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School board negotiating with Schenectady superintendent choice

School board negotiating with Schenectady superintendent choice

The Schenectady school board is negotiating to hire Laurence Spring as the next school superintenden

The Schenectady school board is negotiating to hire Laurence Spring as the next school superintendent.

Spring, who is currently the Cortland Enlarged School District superintendent, did not return a call seeking comment.

However, Board of Education member Gary Farkas confirmed that the entire school board drove to Cortland early this week to tour Spring’s school district. Board President Cathy Lewis had previously said board members would tour the final candidate’s district to make sure they had chosen the right person.

Farkas said the trip didn’t raise any red flags. “It was positive,” he said.

Now the district is negotiating with Spring, Farkas said.

The board has not yet officially announced that Spring is the new superintendent. Board members have said they won’t announce their choice until they finish negotiating a contract.

“Until it’s signed, it’s not a deal,” Farkas said.

Lewis did not return a call seeking comment. Previously, she said she would make no comment until a contract is signed.

Spring is currently making $152,000 plus benefits at a school district whose student population matches that of Schenectady High School. But he may not get much of a pay raise to take on a district more than three times the size of Cortland.

Former Schenectady Superintendent Eric Ely made $189,899, plus benefits, after several years leading the district.

Interim Superintendent John Yagielski makes $170,000, without health insurance or pension. He agreed to the smaller salary because he already receives benefits as a retired superintendent.

During the 42-year-old Spring’s public interview, he impressed many by describing how he realized, through data tracking, that his school district was inadvertently discriminating against poor students for advanced math classes. He said the realization led him to make sure such things didn’t happen again.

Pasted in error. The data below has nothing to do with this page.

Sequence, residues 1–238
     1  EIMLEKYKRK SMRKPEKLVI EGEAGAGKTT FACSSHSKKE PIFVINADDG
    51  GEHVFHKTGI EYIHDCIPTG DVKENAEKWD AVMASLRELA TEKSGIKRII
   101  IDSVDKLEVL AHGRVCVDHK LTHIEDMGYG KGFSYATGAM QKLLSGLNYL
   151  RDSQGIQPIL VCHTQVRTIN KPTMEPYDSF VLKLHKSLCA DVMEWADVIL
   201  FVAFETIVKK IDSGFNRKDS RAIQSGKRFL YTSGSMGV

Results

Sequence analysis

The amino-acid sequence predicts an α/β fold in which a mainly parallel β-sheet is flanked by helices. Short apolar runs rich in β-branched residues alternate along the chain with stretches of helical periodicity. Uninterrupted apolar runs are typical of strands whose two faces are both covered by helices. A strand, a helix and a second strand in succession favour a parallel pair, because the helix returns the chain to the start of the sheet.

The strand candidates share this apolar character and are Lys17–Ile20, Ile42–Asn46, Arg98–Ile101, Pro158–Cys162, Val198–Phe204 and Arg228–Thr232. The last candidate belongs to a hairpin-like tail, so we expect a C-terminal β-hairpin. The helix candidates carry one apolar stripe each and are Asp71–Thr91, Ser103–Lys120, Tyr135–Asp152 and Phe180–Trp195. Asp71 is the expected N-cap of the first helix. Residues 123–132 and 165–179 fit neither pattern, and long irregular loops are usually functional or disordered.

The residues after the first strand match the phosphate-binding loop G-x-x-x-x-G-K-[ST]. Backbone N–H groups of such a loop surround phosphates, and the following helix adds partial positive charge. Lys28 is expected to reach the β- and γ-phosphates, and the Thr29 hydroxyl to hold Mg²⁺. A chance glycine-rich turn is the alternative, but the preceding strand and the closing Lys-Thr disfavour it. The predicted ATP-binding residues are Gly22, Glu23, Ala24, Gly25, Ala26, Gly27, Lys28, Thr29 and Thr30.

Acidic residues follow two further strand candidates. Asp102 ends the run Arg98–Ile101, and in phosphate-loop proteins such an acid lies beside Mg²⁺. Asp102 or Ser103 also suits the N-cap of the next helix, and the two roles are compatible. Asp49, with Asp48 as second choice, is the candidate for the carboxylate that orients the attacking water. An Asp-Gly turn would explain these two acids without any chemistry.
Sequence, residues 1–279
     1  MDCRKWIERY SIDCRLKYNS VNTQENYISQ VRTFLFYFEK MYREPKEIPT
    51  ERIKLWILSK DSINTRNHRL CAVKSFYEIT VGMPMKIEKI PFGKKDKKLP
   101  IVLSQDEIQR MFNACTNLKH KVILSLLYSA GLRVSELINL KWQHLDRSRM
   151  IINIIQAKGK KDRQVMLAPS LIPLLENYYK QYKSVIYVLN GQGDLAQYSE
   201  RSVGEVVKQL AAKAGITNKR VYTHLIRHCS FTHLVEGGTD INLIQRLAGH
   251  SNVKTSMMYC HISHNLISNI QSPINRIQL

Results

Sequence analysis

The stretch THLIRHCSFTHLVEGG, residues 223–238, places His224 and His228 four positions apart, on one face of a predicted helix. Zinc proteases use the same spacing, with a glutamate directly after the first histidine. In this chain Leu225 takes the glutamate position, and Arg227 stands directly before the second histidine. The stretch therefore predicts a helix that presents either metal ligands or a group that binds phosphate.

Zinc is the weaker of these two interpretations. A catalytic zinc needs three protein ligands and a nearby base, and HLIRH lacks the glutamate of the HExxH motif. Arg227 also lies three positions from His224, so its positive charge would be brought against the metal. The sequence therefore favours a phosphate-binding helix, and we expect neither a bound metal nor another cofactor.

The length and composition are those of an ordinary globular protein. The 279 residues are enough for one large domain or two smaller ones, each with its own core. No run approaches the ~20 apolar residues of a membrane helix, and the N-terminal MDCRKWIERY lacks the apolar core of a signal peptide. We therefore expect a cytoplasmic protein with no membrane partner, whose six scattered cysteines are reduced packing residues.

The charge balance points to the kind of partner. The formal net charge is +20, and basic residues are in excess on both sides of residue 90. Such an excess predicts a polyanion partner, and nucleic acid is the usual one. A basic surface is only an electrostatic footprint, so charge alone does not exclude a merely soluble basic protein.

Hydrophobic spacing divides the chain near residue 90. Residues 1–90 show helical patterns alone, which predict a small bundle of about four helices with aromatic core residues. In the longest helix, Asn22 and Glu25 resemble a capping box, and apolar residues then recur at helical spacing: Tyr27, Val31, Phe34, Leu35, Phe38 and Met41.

He also said he would judge school programs by their results, which pleased some school board members who have expressed frustration that the district sometimes does not track results to determine whether programs are a success.

Spring also said he’s data-driven — wanting to follow teaching methods that have been thoroughly researched and tracking school programs to evaluate their effectiveness.

He pleased teachers when he said state tests have proven to be unreliable. He said he would negotiate with the teachers union to create teacher evaluations that aren’t “tainted” by a strong emphasis on the test results.

Since that time, Yagielski has successfully negotiated an evaluation system for the high school teachers. In that system, 20 percent of the evaluation is based on test scores.

Spring promised to move to Schenectady if hired and said his 4- and 6-year-old children would be enrolled in Schenectady schools. The diverse community here is a draw, he said, because he wants his children to live among many races and cultures. He also wants them to be able to get an International Baccalaureate Diploma in high school — an advanced program that Schenectady is one of few school districts to offer.

He comes from a city that is 93 percent white, according to the latest Census figures. Schenectady is 61 percent white but similar to Cortland in poverty levels, with 20 percent living in poverty. Cortland has 21 percent of its population living in poverty.

The Cortland school district has 2,800 students, much smaller than Schenectady’s 10,000 students.

Spring has been superintendent there for six years. Prior to that, he was the assistant superintendent for instruction at Wayne Central School District in Ontario Center, Wayne County.

He also had three years of lesser administrative experience as a director of student learning and an assistant principal. He began as a social studies teacher at East Irondequoit Central School District.

He earned his bachelor’s degree in history and psychology at SUNY Geneseo and his master’s in educational leadership at the University of Rochester. He told the school board he would complete his doctorate in education this year from Vanderbilt University.

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